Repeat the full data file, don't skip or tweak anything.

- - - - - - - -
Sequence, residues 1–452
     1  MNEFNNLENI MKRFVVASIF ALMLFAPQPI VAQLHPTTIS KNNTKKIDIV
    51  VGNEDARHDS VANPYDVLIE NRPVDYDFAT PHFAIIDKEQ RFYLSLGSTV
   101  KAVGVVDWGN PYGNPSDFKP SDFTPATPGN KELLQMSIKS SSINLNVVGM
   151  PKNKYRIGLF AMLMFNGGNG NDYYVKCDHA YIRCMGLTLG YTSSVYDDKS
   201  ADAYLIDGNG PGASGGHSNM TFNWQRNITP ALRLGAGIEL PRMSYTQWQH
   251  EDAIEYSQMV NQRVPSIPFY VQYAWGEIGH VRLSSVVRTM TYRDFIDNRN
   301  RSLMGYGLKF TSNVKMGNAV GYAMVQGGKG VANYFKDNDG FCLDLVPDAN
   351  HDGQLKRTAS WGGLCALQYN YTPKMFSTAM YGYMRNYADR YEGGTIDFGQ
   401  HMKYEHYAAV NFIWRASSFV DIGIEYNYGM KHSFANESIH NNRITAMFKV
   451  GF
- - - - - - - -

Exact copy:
Sequence, residues 1–452
     1  MNEFNNLENI MKRFVVASIF ALMLFAPQPI VAQLHPTTIS KNNTKKIDIV
    51  VGNEDARHDS VANPYDVLIE NRPVDYDFAT PHFAIIDKEQ RFYLSLGSTV
   101  KAVGVVDWGN PYGNPSDFKP SDFTPATPGN KELLQMSIKS SSINLNVVGM
   151  PKNKYRIGLF AMLMFNGGNG NDYYVKCDHA YIRCMGLTLG YTSSVYDDKS
   201  ADAYLIDGNG PGASGGHSNM TFNWQRNITP ALRLGAGIEL PRMSYTQWQH
   251  EDAIEYSQMV NQRVPSIPFY VQYAWGEIGH VRLSSVVRTM TYRDFIDNRN
   301  RSLMGYGLKF TSNVKMGNAV GYAMVQGGKG VANYFKDNDG FCLDLVPDAN
   351  HDGQLKRTAS WGGLCALQYN YTPKMFSTAM YGYMRNYADR YEGGTIDFGQ
   401  HMKYEHYAAV NFIWRASSFV DIGIEYNYGM KHSFANESIH NNRITAMFKV
   451  GF